The third picture is just ONE of the major vines, if you look closely in the back ground you can see the thicker pieces of this vine!

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    Super Moderator crashdive123's Avatar
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    Make a couple more posts to bring your count up to 10 and then try posting again.
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    Quality Control Director Ken's Avatar
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    Here, let me help......

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    Quality Control Director Ken's Avatar
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    “Learning is not compulsory. Neither is survival.”
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  11. #11

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    those do look like grapes. my neighbor use to have a cross-breed of wine and concord. The plant looks a fair amount like yours.

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    Senior Member hunter63's Avatar
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    Ken....take the sheath off before you chop........Just saying.
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    Super Moderator crashdive123's Avatar
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    I was wondering how he sharpened that leather.
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  14. #14

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    For any visitors heading down this way, we have our very own Native Grape.

    Cissus hypoglauca

    It is one of the better known climbing plants of the genus Cissus in the grape family. A very common climber in moist areas of eastern Australia, it often colonises large areas after forest damage due to storms, fire or logging. Common names include jungle grape, water vine, giant water vine, five-leaf water vine, jungle vine, native grapes and billangai .
    It was initially described in 1854 by American botanist Asa Gray.

    The fruit are less than half the size of commercial table grapes, and taste pretty darn good. The large vine is also a source of drinkable water.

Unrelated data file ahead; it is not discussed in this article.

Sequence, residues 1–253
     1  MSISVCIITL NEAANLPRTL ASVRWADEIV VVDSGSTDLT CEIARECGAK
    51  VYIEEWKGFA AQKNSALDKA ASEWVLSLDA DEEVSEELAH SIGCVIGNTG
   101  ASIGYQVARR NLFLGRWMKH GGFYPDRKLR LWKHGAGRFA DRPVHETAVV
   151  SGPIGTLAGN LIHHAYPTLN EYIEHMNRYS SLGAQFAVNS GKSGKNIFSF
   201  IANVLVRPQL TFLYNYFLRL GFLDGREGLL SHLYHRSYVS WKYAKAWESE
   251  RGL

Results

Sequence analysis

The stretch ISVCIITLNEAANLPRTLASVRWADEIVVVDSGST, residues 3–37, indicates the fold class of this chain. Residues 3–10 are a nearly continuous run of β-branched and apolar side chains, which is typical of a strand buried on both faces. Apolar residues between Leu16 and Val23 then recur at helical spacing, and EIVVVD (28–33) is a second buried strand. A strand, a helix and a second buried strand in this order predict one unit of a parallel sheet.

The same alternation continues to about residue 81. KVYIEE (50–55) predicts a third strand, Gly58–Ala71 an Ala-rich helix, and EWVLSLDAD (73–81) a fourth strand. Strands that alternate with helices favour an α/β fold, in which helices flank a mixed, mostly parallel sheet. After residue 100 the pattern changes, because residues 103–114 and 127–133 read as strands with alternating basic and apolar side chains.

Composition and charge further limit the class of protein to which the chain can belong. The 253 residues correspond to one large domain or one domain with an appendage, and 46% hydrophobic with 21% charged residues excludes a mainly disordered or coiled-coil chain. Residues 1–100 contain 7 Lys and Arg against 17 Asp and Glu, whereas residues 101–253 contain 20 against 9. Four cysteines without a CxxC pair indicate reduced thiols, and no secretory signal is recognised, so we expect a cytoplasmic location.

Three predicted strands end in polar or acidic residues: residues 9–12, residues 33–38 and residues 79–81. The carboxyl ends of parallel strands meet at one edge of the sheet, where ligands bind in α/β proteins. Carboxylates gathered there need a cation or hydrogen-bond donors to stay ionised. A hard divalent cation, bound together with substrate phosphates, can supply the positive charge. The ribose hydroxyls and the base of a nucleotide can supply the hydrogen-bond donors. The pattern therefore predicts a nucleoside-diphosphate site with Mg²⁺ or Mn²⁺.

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    Senior Member hunter63's Avatar
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    Trick is to beat the birds, to them.

    Has been said that wild grapes get sweeter after a frost.....that never really made ant sense to me simply because a lot of place don't get frost....or if they do....the birds have already gotten to them.

    Have a few on my fence here in town......along with climbing ivy........Birds get those as the one I have tried tend to be sour and seedy.
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  17. #17

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    i have about a 100,plants 90 of which are wine grapes winter hardy developed by the UofMN
    mainly red but do have some white. their kinda growing wild now as i don,t have time as i once did to maintain them sad
    cause i spent the first 4yrs training them. last year i called over some people i used to go to church with to pick them so
    they would,nt go to waste.

  18. #18

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    Cissus is in the grape family. But, Vitis is the normal referred grape.

    Here is all of our wild Florida species in the Family. But, only the 6 species in the genus Vitis would be really considered grapes.

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  19. #19

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    I learned something new. Thank you Batch. I did a search on Cissus Trifoliata, and found out it has toxic levels of Oxalic Acid.